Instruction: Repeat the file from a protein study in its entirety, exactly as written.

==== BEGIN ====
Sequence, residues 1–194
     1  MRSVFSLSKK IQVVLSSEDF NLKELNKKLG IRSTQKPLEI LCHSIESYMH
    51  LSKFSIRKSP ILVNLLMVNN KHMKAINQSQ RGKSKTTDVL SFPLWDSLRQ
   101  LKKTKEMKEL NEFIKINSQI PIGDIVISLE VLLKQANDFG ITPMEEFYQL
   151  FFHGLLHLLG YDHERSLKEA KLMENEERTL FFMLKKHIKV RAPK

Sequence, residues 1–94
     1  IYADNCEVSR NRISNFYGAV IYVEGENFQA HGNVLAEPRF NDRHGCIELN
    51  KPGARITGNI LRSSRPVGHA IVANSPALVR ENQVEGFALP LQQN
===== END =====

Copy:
Sequence, residues 1–194
     1  MRSVFSLSKK IQVVLSSEDF NLKELNKKLG IRSTQKPLEI LCHSIESYMH
    51  LSKFSIRKSP ILVNLLMVNN KHMKAINQSQ RGKSKTTDVL SFPLWDSLRQ
   101  LKKTKEMKEL NEFIKINSQI PIGDIVISLE VLLKQANDFG ITPMEEFYQL
   151  FFHGLLHLLG YDHERSLKEA KLMENEERTL FFMLKKHIKV RAPK

Sequence, residues 1–94
     1  IYADNCEVSR NRISNFYGAV IYVEGENFQA HGNVLAEPRF NDRHGCIELN
    51  KPGARITGNI LRSSRPVGHA IVANSPALVR ENQVEGFALP LQQN